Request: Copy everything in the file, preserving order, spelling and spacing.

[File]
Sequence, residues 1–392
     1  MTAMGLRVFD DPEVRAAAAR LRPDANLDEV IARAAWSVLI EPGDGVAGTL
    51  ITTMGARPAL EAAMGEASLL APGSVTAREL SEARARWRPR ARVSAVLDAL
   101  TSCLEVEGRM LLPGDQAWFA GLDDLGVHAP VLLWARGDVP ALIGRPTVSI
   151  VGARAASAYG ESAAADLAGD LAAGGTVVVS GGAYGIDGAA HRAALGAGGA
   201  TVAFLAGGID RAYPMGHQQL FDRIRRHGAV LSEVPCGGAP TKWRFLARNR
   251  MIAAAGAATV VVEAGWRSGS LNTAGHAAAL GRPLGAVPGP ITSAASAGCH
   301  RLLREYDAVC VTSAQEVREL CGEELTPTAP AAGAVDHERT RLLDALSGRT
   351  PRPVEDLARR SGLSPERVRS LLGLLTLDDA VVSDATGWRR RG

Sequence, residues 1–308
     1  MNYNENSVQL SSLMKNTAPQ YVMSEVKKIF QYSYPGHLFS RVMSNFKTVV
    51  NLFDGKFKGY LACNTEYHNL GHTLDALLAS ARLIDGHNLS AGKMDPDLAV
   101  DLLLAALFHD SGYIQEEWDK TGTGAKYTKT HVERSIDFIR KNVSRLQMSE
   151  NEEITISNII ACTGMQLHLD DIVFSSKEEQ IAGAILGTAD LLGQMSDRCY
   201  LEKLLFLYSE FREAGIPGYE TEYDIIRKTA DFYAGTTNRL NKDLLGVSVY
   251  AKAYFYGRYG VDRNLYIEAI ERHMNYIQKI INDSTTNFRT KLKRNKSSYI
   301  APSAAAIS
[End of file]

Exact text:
Sequence, residues 1–392
     1  MTAMGLRVFD DPEVRAAAAR LRPDANLDEV IARAAWSVLI EPGDGVAGTL
    51  ITTMGARPAL EAAMGEASLL APGSVTAREL SEARARWRPR ARVSAVLDAL
   101  TSCLEVEGRM LLPGDQAWFA GLDDLGVHAP VLLWARGDVP ALIGRPTVSI
   151  VGARAASAYG ESAAADLAGD LAAGGTVVVS GGAYGIDGAA HRAALGAGGA
   201  TVAFLAGGID RAYPMGHQQL FDRIRRHGAV LSEVPCGGAP TKWRFLARNR
   251  MIAAAGAATV VVEAGWRSGS LNTAGHAAAL GRPLGAVPGP ITSAASAGCH
   301  RLLREYDAVC VTSAQEVREL CGEELTPTAP AAGAVDHERT RLLDALSGRT
   351  PRPVEDLARR SGLSPERVRS LLGLLTLDDA VVSDATGWRR RG

Sequence, residues 1–308
     1  MNYNENSVQL SSLMKNTAPQ YVMSEVKKIF QYSYPGHLFS RVMSNFKTVV
    51  NLFDGKFKGY LACNTEYHNL GHTLDALLAS ARLIDGHNLS AGKMDPDLAV
   101  DLLLAALFHD SGYIQEEWDK TGTGAKYTKT HVERSIDFIR KNVSRLQMSE
   151  NEEITISNII ACTGMQLHLD DIVFSSKEEQ IAGAILGTAD LLGQMSDRCY
   201  LEKLLFLYSE FREAGIPGYE TEYDIIRKTA DFYAGTTNRL NKDLLGVSVY
   251  AKAYFYGRYG VDRNLYIEAI ERHMNYIQKI INDSTTNFRT KLKRNKSSYI
   301  APSAAAIS